‘At Arms with Morpheus’ by O. Henry: Short Story Analysis
‘At Arms with Morpheus’ is a realistic short story published in 1911 in the short story collection Sixes and Sevens. The story was penned by American writer O. Henry. O. Henry is the pen name of William Sydney Porter. His short stories always end with a twist, and the tone of each story is mostly witty. Here, too, the story ends with Tom Hopkins revealing to his faithful friend Billy that he had indeed left a plain and poor Southern American girl after he had inherited wealth from his aunt. Tom is ready to telegraph the girl he loved that he was returning to her. The irony of it all was that Billy, the narrator, had never known that his wealthy friend Tom Hopkins had left an innocent girl in the lurch after he came upon wealth and luxury. Billy had conjured up the tale of the Southern girl Tom had left behind so that he could keep the foolish Tom awake, for he accidentally had four grains of morphine instead of quinine. So that Tom should stay awake, Billy tries to taunt him about his manhood because he had ruined the heart and love of an innocent girl. Billy was trying to be Romantic and imaginative for the sake of Tom’s safety, thinking that they would laugh over the matter later. That did not happen.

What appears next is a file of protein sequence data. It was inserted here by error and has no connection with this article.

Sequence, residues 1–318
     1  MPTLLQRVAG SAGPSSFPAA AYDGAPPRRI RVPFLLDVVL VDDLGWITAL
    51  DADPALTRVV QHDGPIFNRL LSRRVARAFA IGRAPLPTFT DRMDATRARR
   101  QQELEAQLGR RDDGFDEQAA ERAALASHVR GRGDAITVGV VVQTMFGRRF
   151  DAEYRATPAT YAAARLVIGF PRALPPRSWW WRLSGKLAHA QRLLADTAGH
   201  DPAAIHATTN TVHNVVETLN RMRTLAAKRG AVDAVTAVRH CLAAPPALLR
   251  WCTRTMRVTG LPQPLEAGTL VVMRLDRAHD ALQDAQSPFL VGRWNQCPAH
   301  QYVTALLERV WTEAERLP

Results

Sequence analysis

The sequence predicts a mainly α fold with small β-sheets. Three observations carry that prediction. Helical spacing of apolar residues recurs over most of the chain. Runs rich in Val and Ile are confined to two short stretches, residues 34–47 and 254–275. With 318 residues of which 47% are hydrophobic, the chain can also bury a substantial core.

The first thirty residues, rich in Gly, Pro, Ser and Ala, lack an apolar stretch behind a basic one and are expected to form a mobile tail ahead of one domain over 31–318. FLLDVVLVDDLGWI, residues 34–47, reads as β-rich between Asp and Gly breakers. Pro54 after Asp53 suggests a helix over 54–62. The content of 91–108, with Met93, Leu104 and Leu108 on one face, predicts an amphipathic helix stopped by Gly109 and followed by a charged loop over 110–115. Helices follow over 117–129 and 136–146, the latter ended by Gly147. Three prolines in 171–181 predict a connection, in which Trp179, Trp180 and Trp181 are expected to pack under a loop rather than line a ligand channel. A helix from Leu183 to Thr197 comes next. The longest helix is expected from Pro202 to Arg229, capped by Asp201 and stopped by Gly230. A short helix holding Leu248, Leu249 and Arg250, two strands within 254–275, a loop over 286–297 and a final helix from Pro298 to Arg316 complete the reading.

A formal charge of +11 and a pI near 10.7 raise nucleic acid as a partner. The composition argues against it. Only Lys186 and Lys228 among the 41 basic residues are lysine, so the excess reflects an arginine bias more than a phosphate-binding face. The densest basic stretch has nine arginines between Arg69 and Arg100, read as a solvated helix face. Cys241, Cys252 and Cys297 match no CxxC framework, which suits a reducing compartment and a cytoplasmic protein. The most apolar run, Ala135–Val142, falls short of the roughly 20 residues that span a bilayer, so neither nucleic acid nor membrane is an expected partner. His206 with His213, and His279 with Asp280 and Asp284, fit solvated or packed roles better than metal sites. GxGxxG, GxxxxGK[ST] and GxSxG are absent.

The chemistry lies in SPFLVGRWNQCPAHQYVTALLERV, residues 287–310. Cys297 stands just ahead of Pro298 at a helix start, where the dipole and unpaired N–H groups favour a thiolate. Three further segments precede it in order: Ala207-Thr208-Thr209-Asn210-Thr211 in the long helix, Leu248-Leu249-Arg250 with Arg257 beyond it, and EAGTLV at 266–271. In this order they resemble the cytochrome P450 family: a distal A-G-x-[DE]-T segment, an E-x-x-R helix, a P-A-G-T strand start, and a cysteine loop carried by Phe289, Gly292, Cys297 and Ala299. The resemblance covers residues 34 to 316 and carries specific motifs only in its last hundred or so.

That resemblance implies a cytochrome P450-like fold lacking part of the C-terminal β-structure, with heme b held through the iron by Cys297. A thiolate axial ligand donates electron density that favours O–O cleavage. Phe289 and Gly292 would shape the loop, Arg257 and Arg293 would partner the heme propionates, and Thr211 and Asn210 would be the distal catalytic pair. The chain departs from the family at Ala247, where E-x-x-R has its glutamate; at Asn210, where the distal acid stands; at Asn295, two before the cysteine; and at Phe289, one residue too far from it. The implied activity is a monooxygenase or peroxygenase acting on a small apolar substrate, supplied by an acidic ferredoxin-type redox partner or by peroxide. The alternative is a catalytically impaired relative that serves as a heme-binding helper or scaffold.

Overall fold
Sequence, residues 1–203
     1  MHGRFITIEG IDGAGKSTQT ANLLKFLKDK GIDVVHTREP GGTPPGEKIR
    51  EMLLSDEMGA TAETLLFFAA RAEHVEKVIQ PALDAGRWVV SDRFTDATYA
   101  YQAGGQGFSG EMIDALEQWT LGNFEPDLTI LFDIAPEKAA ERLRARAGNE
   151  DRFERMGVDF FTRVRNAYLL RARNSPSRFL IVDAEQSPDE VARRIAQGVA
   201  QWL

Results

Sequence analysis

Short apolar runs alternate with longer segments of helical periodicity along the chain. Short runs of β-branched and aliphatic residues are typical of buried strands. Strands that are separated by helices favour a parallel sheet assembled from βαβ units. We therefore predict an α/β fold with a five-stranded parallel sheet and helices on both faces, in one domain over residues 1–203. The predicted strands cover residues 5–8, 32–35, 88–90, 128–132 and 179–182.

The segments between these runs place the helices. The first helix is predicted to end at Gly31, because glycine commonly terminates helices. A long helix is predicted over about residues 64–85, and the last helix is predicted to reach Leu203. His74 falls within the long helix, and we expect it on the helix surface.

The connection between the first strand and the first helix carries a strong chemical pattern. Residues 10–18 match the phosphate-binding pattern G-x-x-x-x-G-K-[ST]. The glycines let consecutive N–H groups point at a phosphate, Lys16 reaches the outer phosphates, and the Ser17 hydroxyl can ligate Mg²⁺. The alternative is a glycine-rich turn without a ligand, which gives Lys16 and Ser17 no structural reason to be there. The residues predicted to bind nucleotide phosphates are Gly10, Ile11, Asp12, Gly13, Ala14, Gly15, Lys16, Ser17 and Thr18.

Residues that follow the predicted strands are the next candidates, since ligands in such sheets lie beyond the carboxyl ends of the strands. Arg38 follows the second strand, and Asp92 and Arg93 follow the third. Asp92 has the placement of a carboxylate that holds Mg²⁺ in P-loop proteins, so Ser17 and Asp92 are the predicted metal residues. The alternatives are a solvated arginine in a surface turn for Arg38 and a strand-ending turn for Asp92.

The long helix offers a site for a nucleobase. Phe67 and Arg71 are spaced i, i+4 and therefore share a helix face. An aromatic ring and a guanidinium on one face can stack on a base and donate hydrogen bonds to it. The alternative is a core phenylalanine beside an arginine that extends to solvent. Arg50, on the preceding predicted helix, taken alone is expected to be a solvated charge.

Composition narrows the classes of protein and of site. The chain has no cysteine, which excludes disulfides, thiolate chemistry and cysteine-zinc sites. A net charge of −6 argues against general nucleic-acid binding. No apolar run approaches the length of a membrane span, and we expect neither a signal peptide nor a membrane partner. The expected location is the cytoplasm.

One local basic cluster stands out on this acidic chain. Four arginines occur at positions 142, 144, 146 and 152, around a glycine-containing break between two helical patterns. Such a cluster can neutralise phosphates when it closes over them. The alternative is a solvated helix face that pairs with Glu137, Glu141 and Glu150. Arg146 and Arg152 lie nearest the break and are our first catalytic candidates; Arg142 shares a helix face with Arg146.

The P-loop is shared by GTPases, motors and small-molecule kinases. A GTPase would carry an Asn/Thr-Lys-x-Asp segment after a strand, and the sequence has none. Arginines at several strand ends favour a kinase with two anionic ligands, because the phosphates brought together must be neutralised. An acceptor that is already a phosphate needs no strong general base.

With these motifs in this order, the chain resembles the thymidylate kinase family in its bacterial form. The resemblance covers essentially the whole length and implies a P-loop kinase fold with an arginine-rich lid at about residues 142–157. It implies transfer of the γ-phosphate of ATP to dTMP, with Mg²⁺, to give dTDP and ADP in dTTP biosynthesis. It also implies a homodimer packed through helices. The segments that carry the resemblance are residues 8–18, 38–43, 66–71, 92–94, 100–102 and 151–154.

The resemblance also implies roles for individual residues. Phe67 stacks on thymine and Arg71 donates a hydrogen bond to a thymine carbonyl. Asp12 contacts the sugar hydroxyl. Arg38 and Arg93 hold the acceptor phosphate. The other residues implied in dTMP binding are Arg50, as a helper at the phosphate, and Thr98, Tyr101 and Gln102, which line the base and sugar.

Another short story penned by O. Henry which has a similar theatrical twist towards the end is O. Henry’s short story ‘Hearts and Hands’, which I have analyzed here. Like in ‘Hearts and Hands’, the central themes in ‘At Arms with Morpheus’ are money, affection, and deception. These two short stories of O. Henry truly bring out that first appearances are deceptive and not to be taken seriously. Tom and Billy were medical students living and studying in early twentieth-century New York. Tom Hopkins was a gem of a human being. He was a young man from the Southern part of America, and nothing could irritate or annoy him. His chivalry and honorable manner were well known, and as it is mentioned in the text, he had an old-fashioned chivalric reverence for women. He had come into a lot of wealth which became the envy of all his friends in the Medical College and boarding rooms. Billy and another MD student who lived above Billy were envious of Tom’s wealth. However, the young doctors in training had never thought their wealthy friend Tom to be anything but a wonderful old-fashioned human being. Dramatically it comes to light that Tom Hopkins had indeed hurt a young girl’s feelings and sentiments; his old flame from the South.